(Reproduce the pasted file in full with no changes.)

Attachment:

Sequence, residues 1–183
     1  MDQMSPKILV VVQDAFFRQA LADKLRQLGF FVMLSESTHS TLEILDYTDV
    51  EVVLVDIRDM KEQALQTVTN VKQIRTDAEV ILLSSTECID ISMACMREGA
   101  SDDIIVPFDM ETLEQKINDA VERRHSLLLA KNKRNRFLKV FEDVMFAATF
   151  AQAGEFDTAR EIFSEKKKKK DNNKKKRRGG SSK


Sequence, residues 1–183
     1  MDQMSPKILV VVQDAFFRQA LADKLRQLGF FVMLSESTHS TLEILDYTDV
    51  EVVLVDIRDM KEQALQTVTN VKQIRTDAEV ILLSSTECID ISMACMREGA
   101  SDDIIVPFDM ETLEQKINDA VERRHSLLLA KNKRNRFLKV FEDVMFAATF
   151  AQAGEFDTAR EIFSEKKKKK DNNKKKRRGG SSK